In his weekly speech delivered July 23, caretaker Iraqi Prime Minister Nouri al-Maliki appeared as if he had lost a regional ally. On July 15, the Hashemite Kingdom of Jordan allowed 150 opposition Iraqi figures from various religious, tribal, armed and Baathist factions to convene a two-day conference in Amman. The participants called on the international community to “end its support for the current government” and “back the people’s revolution and its demands.” Jordan was thus been transformed into a host for figures who strongly oppose Maliki, among them the businessman Khamis al-Khanjar, who backed the 2013 demonstrations in Anbar.
Iraqi reactions to the conference were sharp. Some parliamentarians suggested that the government sever economic ties with Jordan and withdraw its preferential prices for oil exports. Others described the conference as an attempt to undermine the political process in Iraq, which prompted the Foreign Ministry to recall Baghdad's ambassador from Jordan for consultation.
Despite a number of participants proclaiming the Jordanian government’s sponsorship of the conference, Amman categorically denied doing so. In this regard, Jordanian author and journalist Mohammad al-Fadeilat told Al-Monitor in a phone interview, “Jordan was endeavoring to appease Iraqi anger about Amman’s hosting of a conference of revolutionary forces that called for the toppling of outgoing Prime Minister Nouri al-Maliki.”
The conference was held amid a deteriorating political and security situation in Iraq, with tensions mounting between the Baghdad central government and the Kurdistan Regional Government and with Sunni factions rebelling against the government. This situation led to the fall of a number of Iraqi cities to militants of the Islamic State (IS) and allied armed tribal factions and former members of the constitutionally outlawed Baath Party.
The conference represented a new development on many levels for the factions opposing the Maliki government. None of the Sunni personalities or parties taking part in the Iraqi political process were in attendence, yet numerous Sunni lawmakers called afterward for considering some of the conference resolutions, which reflect the demands of the Iraqi Sunnis who have become a problem for the Maliki government, which they continually describe as “sectarian.”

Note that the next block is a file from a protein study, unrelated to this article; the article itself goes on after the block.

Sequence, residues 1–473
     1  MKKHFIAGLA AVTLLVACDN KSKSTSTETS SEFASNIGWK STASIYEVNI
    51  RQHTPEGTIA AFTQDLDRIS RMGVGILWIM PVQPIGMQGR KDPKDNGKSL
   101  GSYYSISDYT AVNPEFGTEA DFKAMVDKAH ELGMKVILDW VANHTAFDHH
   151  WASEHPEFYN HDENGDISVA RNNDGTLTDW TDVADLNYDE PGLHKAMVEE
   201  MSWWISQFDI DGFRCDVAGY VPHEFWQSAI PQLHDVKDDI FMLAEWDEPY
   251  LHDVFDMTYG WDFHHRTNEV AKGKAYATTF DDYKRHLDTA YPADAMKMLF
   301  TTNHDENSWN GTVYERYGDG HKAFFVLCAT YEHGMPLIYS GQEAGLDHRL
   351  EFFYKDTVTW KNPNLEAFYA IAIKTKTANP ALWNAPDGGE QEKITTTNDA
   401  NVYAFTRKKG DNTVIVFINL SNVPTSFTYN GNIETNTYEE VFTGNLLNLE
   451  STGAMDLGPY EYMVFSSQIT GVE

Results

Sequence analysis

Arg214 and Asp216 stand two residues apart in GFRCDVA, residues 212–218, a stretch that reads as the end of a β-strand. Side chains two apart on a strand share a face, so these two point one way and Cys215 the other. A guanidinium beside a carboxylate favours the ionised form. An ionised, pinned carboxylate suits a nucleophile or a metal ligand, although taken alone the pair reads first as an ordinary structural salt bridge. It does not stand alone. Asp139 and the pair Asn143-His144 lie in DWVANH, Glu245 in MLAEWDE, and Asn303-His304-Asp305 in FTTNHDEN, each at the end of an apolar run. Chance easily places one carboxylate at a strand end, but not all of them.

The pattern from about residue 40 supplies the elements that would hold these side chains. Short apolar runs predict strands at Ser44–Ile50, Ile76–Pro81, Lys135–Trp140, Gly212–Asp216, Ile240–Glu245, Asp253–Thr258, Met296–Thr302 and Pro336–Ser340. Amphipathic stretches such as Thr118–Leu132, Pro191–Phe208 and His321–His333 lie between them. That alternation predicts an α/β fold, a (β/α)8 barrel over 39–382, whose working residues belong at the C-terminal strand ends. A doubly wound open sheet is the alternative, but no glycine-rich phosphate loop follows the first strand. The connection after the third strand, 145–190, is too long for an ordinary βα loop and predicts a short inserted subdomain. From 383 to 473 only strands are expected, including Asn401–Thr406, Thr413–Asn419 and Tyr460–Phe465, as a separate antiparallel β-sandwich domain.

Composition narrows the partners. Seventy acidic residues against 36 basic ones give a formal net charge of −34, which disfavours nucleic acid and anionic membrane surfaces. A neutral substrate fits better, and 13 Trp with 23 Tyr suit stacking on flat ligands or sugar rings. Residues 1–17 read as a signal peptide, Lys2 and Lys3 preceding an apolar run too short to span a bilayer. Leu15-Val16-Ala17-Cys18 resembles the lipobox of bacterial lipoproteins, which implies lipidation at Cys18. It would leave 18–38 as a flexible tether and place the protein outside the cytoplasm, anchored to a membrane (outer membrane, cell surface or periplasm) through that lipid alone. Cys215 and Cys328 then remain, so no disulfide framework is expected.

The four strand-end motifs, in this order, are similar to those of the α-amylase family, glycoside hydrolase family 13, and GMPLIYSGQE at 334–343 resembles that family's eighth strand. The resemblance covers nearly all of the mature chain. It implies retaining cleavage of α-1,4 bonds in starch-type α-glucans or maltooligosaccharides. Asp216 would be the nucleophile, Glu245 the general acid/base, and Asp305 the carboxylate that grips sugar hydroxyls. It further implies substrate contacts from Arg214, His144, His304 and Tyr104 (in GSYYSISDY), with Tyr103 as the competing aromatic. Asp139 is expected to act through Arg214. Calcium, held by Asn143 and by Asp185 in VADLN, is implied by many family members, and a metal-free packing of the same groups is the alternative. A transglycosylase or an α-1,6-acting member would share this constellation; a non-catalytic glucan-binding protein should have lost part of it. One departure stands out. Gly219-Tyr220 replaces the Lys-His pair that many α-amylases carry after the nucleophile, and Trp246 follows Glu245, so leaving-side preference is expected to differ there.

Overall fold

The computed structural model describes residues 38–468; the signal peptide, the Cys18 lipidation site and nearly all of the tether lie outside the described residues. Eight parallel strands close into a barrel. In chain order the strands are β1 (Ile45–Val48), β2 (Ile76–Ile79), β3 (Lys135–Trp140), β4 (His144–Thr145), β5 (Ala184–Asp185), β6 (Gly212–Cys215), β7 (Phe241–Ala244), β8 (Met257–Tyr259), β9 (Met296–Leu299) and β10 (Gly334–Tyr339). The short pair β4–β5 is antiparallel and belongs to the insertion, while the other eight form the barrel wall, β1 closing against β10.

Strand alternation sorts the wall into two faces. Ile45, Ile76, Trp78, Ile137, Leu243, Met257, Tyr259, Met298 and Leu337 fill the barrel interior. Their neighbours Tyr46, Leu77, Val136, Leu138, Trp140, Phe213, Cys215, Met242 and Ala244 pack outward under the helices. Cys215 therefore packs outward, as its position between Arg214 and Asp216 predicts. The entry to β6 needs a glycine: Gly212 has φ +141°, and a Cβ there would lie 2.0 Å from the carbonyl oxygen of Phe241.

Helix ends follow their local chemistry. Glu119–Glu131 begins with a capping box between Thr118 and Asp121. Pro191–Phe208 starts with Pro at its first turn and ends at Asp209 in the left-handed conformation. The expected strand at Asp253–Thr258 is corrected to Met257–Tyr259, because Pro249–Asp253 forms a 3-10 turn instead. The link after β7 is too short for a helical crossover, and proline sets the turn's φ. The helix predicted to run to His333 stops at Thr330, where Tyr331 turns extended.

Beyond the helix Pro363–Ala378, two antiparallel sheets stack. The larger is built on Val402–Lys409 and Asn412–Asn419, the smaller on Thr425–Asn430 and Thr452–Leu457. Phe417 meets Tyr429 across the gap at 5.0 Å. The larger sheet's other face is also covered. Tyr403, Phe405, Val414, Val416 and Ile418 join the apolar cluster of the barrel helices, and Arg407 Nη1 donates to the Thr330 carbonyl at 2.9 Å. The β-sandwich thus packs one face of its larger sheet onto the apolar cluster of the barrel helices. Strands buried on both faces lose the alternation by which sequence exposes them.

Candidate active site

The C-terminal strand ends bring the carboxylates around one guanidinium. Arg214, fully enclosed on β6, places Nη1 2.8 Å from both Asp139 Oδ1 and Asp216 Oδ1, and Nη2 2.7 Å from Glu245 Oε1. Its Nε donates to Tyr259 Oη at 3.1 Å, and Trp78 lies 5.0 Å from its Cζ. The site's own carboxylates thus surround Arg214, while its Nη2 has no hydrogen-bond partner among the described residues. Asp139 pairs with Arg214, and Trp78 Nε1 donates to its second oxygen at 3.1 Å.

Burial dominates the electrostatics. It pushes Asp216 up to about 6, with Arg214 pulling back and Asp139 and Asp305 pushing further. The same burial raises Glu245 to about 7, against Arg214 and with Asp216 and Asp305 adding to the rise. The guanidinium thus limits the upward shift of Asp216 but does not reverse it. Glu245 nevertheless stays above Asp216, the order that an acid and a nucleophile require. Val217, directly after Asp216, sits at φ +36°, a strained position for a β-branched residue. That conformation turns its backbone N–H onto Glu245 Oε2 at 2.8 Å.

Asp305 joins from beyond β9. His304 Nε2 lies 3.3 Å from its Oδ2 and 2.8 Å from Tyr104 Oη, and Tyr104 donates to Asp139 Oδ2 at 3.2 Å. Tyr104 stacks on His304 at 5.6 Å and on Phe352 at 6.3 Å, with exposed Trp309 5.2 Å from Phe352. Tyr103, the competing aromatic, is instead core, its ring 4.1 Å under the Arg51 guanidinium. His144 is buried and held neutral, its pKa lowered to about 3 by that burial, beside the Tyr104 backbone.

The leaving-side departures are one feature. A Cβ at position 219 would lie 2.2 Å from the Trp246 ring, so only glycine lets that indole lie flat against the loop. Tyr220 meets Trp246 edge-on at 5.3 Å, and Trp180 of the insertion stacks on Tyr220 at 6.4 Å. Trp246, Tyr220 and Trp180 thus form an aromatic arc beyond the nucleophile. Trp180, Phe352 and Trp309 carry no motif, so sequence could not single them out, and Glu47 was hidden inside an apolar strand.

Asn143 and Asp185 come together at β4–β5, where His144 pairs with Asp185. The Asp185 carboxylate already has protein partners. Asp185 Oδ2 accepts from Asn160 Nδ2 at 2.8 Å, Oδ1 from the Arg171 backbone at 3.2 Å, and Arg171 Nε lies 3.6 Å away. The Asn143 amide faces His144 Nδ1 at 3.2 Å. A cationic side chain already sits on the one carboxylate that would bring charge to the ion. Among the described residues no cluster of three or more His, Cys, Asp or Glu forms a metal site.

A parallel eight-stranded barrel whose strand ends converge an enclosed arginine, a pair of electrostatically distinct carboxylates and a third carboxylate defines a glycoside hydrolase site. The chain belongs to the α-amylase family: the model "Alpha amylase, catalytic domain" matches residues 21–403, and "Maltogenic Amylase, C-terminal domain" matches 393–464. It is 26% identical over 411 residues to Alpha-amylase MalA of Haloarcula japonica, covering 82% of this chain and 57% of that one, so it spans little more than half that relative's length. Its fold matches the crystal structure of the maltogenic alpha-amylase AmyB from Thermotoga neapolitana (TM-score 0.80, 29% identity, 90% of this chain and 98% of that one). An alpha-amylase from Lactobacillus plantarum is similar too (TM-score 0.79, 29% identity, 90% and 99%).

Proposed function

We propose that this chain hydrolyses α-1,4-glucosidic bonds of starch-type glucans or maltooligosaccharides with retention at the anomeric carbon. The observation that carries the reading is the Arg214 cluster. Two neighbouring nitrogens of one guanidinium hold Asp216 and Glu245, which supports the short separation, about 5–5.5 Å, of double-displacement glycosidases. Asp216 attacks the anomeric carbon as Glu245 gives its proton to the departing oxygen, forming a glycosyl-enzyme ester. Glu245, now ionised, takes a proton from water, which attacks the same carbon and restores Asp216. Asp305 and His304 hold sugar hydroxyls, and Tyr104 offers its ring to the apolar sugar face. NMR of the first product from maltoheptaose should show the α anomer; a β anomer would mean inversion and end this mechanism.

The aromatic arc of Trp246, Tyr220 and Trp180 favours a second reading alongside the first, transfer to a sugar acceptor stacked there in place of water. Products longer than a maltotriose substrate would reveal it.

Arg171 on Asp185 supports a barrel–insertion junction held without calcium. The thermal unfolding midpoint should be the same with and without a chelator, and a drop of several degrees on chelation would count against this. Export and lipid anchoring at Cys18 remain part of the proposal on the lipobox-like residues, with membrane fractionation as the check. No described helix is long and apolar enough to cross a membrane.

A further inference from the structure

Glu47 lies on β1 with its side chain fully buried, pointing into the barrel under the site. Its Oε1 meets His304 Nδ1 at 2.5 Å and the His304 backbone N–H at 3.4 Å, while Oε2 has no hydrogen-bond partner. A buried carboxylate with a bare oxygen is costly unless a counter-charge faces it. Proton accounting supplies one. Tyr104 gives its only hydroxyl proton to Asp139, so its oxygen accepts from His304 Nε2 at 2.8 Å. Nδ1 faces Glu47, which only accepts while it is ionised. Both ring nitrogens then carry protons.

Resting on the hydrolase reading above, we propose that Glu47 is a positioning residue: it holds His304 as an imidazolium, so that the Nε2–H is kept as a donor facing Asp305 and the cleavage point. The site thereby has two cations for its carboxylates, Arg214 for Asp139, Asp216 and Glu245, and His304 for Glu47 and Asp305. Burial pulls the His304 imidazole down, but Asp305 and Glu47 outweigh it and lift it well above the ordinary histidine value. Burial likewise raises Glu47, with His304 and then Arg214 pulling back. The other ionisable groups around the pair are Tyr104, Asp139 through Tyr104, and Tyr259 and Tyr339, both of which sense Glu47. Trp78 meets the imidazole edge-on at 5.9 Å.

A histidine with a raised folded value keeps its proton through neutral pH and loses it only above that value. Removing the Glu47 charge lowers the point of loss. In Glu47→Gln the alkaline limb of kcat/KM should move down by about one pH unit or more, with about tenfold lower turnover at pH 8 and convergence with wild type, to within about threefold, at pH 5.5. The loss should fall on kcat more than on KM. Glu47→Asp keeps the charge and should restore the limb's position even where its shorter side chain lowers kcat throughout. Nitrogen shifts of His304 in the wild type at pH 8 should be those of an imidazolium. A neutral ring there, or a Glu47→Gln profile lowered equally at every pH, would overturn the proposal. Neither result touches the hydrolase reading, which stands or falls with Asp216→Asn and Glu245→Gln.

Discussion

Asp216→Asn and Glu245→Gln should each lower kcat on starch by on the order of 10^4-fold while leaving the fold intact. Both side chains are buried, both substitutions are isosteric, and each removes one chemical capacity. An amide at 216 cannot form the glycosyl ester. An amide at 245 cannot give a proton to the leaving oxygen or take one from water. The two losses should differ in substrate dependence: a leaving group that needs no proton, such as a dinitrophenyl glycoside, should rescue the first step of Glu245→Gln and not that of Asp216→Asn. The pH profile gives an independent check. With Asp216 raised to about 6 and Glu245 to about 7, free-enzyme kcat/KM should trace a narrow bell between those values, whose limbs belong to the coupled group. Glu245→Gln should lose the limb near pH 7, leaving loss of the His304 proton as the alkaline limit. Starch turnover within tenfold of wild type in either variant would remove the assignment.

The conference could be viewed as the embodiment of the 13 demands raised by demonstrators in four Sunni provinces in 2013. Maliki’s government never took the demands seriously or made an effort to address them, leading to matters further deteriorating on the ground. The struggle came to a head in the Hawija incident in April, when 54 demonstrators were killed.
It appears that an understanding cannot be reached between any Maliki-led government and opposition members who assert that they were “forced to defend themselves with weapons.” The closing statement of the conference considered the removal of “Maliki as a prelude to any future political process to save Iraq.”
Meanwhile, on July 23, Maliki expressed his regret that “we are seeing on television screens a conference of blood mongers who embrace sectarianism and terrorism, meeting in a brotherly neighborly country, with which we have strong friendly ties.” He also said that he hoped that “Jordan’s position vis-à-vis the conference would reflect the friendship and relationship that exists between the two countries.”
In addition, Fadeilat, who attended the conference in his capacity as a journalist, stated, “The Kingdom of Jordan is concerned about losing the oil privileges offered by its easterly neighbor. But it is finding itself in a difficult situation as it tries to appease Maliki without repudiating the conference, which received official Jordanian support in a clear show of political bias against the Maliki administration, and the danger of the latter falling under the control of the Shiite crescent [Iranian influence], decried by the Jordanian monarch.” Fadeilat also concluded, “Prior to defining its future relationship with Baghdad, Jordan awaits the results of the Iraqi political process in light of the events on the ground.”